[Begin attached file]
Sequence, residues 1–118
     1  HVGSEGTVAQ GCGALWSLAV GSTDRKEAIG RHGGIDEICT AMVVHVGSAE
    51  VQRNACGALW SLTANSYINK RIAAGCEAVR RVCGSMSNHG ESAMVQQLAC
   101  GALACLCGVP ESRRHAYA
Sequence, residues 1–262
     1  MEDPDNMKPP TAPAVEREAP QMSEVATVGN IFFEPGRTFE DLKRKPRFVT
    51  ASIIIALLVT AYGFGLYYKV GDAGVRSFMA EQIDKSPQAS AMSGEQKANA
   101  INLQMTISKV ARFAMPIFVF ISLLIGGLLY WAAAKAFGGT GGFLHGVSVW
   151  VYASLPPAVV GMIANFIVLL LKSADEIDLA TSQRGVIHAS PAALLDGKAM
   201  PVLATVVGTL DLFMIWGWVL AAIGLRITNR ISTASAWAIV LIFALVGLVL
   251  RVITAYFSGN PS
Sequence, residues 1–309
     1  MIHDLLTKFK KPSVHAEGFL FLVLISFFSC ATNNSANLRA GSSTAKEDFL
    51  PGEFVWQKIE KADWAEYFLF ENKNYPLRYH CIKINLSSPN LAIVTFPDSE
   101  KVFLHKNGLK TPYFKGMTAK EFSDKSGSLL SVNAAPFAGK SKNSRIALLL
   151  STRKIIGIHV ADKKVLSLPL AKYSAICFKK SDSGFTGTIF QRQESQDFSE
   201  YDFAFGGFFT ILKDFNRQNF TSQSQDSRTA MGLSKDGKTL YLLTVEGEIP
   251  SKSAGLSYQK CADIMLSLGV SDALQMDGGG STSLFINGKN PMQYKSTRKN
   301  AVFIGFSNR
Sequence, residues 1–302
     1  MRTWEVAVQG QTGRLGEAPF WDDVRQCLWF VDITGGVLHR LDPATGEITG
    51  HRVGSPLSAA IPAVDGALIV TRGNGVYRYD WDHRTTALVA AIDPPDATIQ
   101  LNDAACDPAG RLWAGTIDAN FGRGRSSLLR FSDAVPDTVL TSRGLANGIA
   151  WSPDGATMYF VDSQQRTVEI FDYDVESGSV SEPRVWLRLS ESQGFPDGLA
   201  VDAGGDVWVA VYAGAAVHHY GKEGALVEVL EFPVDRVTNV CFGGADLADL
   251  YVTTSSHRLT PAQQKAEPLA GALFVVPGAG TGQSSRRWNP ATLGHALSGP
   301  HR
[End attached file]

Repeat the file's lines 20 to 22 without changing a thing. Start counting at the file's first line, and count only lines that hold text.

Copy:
Sequence, residues 1–302
     1  MRTWEVAVQG QTGRLGEAPF WDDVRQCLWF VDITGGVLHR LDPATGEITG
    51  HRVGSPLSAA IPAVDGALIV TRGNGVYRYD WDHRTTALVA AIDPPDATIQ